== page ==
I spend so much time tearing into other people's ludicrous claims on here that I thought I'd espouse some of my own; these are to some degree a tongue in cheek stab at the less scientific aspects of evolutionary psychology, while also being an unsupported hypothesis of my own.
Humans are much like lemmings. Not in the sense that we're small rodents, but in the sense that we are the animals in the urban legend about creatures that are so blindly obedient to their programming as to follow one another over a cliff edge. We're so enamoured with disaster (see a large portion of what is put out as entertainment by Hollywood) that we sidle closer to whatever the disaster is with a curious expression on our faces. Humans are the ones who hear an odd noise in the night, and rather than hiding sensibly, we go to investigate it only to be shot by the person who merely wanted to make off with the silverware. We slow down to sneak a peek at the carnage at the scene of a car accident, sometimes causing another in our distraction. People escalate what should be mild disagreements over things like, oh, putting our glass in the wrong spot in the bar or flirting with someone's significant other (often without knowing that he or she is attached) into a life and death struggle, or at least what would be without the intervention of people paid to do so. Our territorial pissings and petty jealousies are part of our programming, as much as the lemmings' programming (in urban legend at least) is to follow the same ancient migration routes without regard for where they actually lead now.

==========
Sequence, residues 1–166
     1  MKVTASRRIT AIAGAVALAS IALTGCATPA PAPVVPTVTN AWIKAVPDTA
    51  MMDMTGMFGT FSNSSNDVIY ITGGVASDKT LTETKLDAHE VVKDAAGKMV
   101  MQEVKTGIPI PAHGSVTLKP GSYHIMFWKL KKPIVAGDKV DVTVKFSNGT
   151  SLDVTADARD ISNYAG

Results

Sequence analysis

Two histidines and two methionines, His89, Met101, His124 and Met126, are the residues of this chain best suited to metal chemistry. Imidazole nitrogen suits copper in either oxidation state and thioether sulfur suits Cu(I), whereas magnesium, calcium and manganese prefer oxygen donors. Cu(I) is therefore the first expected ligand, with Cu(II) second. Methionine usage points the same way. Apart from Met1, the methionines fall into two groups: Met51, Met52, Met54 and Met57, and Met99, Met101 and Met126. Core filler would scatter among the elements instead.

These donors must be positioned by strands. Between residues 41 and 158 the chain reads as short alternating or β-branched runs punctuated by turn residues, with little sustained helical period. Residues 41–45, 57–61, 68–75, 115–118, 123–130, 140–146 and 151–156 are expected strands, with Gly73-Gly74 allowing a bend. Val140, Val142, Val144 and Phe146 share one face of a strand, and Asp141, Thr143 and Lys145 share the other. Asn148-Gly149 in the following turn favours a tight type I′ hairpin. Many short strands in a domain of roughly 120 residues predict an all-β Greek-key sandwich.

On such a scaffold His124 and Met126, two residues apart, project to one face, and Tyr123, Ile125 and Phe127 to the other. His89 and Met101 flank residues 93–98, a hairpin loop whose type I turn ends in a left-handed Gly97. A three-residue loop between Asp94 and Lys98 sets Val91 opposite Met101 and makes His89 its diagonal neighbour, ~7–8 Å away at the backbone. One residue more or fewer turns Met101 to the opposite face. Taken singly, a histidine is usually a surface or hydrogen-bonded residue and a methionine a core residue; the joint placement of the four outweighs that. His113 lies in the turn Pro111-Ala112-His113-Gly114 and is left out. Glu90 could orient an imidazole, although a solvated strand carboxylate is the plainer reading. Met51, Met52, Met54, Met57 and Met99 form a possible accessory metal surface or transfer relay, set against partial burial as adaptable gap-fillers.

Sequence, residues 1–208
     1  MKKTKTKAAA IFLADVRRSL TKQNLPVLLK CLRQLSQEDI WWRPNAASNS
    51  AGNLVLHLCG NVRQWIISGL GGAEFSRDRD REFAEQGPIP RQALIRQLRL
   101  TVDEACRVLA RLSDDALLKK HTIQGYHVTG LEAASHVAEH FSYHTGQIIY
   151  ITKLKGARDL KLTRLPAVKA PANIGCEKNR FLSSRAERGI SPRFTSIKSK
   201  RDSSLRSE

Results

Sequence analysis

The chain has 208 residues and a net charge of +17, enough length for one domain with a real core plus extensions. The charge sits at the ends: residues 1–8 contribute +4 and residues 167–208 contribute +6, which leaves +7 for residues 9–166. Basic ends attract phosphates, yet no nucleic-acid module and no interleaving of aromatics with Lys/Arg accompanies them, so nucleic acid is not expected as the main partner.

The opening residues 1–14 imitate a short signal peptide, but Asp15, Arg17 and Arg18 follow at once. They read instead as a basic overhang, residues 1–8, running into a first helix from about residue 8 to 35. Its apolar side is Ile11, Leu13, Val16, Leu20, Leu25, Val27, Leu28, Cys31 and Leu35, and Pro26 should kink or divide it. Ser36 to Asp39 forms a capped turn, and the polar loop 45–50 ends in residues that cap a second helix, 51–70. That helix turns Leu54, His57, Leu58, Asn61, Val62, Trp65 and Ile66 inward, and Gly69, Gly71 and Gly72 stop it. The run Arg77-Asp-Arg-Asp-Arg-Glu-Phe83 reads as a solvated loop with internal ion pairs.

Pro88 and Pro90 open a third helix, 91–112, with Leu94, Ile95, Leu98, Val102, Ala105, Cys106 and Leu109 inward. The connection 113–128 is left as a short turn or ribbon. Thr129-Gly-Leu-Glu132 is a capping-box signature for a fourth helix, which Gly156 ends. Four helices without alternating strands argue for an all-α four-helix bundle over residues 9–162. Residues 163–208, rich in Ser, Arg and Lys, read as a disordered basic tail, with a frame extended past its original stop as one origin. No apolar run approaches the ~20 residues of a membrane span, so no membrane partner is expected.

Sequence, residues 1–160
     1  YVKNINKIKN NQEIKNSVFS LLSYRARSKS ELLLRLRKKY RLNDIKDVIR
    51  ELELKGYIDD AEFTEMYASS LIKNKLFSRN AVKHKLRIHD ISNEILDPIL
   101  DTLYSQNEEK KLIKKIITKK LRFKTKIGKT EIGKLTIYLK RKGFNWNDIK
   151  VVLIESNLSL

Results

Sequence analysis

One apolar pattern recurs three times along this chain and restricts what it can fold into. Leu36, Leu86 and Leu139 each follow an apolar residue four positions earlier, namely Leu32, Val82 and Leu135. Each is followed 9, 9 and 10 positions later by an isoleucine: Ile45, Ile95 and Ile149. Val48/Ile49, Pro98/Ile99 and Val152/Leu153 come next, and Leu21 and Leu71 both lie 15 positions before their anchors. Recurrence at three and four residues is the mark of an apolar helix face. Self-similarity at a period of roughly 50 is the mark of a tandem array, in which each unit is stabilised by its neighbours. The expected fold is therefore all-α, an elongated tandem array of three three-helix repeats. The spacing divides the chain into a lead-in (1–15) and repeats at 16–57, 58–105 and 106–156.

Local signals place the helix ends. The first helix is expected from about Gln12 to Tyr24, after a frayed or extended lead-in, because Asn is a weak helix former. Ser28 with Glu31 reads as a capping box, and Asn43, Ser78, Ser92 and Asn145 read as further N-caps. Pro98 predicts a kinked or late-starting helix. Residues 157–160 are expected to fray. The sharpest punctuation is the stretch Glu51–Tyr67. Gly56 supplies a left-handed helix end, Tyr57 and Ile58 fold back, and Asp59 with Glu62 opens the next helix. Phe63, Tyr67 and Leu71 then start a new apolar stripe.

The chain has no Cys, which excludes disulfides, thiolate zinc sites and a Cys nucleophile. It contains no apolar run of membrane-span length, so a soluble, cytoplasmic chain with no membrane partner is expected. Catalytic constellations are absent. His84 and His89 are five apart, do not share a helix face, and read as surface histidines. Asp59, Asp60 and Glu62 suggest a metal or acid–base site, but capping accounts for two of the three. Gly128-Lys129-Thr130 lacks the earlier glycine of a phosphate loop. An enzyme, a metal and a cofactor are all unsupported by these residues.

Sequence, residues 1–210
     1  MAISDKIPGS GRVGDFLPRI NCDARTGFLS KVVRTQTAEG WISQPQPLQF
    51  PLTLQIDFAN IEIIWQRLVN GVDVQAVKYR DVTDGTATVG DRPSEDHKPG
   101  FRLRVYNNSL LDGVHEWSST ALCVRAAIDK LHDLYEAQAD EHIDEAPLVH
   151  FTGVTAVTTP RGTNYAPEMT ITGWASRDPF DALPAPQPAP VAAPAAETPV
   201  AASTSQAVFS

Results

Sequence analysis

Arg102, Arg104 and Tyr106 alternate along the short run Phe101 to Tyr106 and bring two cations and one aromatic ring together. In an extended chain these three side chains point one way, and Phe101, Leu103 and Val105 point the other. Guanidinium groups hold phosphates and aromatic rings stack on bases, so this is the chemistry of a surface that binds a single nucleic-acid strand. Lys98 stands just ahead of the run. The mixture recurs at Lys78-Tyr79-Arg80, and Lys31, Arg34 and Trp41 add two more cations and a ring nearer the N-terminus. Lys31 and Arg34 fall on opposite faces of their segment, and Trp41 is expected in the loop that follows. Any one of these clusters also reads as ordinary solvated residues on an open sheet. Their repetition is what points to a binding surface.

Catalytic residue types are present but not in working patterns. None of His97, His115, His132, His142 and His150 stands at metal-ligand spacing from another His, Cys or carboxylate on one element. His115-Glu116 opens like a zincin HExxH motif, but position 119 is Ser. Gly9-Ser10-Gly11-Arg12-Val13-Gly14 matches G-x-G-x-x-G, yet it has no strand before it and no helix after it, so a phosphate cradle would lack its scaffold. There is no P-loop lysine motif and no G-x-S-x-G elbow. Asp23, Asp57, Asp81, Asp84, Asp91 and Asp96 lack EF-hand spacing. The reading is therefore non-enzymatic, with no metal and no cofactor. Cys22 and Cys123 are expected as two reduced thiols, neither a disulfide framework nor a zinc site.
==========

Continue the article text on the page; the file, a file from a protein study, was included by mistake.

Now, while this is based on simple observation, one can promote a hypothesis from the ideas above. Perhaps people are so stupid as to stand around the burning building that has a fair chance of exploding not out of curiosity, but because we are all imbued with the propensity to ignore danger because it helps the rest of the species when some of us act that stupidly. This is naive group selection at its finest, but doesn't require that there are different behaviours programmed in us, rather that we all share that tendency from a distant common ancestor, and that it has prevented human overpopulation in times of famine, climate change, etc.
Take it with a grain, nay a shaker, of salt.